There is an episode of The West Wing in which Will Bailey talks about the principle of the Veil of Ignorance: “Imagine before you are born you don’t know anything about who you’ll be, your abilities or your position. Now design a tax system.” The same principle applies to speech. Imagine before you are born you don’t know anything about who you’ll be, your abilities, or your position. Now design a speech policy.
So here is the challenge: design a legal system, a constitution, a fundamental law, that you would want to live under when your party is out of power. Design one for when your party is so soundly beaten that they elect not one single member to any executive, legislative, or judicial body. Think about it that way and I can promise you that the first article of your constitution will be untrammeled free speech.
The unworthiness of the censor
Here’s a multiple-choice question. Which of these options would you prefer:
Facebook does not regulate speech.
Mark Zuckerberg regulates speech according to his own precepts.
Mark Zuckerberg regulates speech according to the precepts of the political party currently in power.
Mark Zuckerberg regulates speech according to the precepts of an unelected cabal of activists.
Which cabal of activists, you might ask. Sorry, but that would be telling. After all, they are unelected. You can no more ensure that they are your activists than you can ensure that it is your party in power. So choose, but choose wisely.
There are some who would look at all the arguments I have made above and argue that with the right person as censor, all of these harms can be avoided, and many other harms eliminated too. Let’s suppose for a moment that this is at least theoretically possible. The question then becomes, how do you find the right person to be censor?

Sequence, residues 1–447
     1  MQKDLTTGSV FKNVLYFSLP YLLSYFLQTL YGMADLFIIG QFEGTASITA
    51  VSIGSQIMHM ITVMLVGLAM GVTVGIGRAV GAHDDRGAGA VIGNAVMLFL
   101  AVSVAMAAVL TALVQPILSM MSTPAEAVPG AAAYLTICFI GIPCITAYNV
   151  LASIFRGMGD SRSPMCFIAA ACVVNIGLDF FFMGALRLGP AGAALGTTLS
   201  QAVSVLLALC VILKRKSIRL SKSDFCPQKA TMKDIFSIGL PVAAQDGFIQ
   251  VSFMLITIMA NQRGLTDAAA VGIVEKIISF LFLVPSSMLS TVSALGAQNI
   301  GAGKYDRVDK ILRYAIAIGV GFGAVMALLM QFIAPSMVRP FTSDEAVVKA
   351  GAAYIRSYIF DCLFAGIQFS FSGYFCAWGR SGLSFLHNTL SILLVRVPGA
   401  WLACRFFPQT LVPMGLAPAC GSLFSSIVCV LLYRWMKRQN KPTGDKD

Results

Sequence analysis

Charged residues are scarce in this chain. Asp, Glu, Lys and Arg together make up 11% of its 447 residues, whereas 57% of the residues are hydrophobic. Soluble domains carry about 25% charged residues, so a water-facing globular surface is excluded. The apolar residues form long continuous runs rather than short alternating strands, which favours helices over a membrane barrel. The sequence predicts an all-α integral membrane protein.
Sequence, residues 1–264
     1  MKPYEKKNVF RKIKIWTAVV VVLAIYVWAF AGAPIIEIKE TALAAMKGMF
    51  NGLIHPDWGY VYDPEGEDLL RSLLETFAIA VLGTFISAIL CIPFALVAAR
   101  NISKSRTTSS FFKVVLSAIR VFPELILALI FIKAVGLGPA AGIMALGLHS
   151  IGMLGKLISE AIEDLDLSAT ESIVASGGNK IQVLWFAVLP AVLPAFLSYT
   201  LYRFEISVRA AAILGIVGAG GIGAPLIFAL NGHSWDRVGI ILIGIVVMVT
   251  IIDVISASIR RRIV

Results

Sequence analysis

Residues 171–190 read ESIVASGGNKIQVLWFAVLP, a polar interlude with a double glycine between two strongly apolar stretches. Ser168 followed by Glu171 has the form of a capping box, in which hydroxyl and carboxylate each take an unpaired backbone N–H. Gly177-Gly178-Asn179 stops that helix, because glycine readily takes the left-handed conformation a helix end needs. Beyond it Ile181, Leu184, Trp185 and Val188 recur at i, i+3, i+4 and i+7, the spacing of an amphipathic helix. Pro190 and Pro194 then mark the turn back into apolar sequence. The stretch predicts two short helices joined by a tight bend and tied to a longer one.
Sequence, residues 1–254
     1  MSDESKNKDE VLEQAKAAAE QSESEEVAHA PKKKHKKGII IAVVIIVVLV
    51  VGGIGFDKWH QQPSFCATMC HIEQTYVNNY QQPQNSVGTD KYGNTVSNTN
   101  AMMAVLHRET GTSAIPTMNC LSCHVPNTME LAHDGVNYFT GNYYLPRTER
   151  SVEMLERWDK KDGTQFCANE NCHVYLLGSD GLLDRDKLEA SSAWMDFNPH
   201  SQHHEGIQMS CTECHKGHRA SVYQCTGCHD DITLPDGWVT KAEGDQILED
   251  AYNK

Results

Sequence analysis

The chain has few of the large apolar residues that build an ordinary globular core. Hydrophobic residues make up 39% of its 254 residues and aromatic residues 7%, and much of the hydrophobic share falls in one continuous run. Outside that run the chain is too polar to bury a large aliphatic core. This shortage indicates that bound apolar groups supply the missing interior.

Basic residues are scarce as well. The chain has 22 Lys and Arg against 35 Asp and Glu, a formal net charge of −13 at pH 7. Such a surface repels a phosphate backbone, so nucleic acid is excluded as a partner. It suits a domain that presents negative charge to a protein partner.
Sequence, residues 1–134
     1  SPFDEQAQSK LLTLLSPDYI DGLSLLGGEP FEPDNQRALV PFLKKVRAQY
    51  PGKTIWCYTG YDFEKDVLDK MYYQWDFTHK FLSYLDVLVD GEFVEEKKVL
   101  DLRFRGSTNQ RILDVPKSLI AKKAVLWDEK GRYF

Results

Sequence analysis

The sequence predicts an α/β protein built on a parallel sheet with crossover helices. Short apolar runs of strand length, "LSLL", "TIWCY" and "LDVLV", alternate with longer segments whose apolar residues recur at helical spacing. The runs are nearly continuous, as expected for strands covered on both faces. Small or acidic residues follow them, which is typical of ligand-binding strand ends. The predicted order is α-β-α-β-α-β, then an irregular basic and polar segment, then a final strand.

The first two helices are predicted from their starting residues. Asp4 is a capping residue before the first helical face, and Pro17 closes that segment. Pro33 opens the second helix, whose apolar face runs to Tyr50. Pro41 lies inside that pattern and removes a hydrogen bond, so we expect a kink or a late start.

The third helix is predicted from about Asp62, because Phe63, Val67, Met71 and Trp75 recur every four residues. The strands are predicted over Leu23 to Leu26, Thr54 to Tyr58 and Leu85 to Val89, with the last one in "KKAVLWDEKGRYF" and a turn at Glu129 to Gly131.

My first choice, obviously, would be me. But then I would think about it for a second and realize that the job of censor would be incredibly tedious, and would involve spending my time reviewing the worst kind of drek that the dark heart of man can produce. So on reflection, no thanks, not me.
Then it must be someone I trust implicitly. But who would be willing to spend their days reviewing the worst kind of drek that the dark heart of man can produce? Thinking about that for a moment, I realize that a person willing to do that job must either be incredibly censorious or incredibly depraved, or else incredibly motivated to serve a cause, and willing to prevent all contrary speech to promote that cause. And I don’t trust anyone who is any of those things. Anyone who was worthy to be censor would not want the job. Anyone who would want the job is not worthy to be censor.
Anyone who was worthy to be censor would not want the job. Anyone who would want the job is not worthy to be censor.
And let us remember that the position of censor is a position of great power. The censor has the power to shape governments and shape societies. When you create a position of great power, you must expect that people eager for power will seek that position. And you must expect that they will get it. Because that is how politics works. The more powerful a position, the more ruthlessly it will be pursued. Even if you initially set up the office of censor with the most saintly and ideologically pure person you can imagine in office, the knives of the unscrupulous will be out for them on day one, and their successor will be cut from a very different cloth.
This is the final problem with censorship. There is no one worthy to be censor. And even if they were, it would not be the worthy that claimed the office, but the ambitious and the power-hungry.
And there’s the pain.
What is the number one weapon that the rest of us have to constrain the unscrupulous and power-hungry from seizing and abusing every office in the land?
That’s right. Free speech.
Still not convinced? If you are still an advocate of censorship, give me one example of an historical censorship regime that you approve of, that you would hold up to the world as a shining example of censorship preventing more harm than it caused.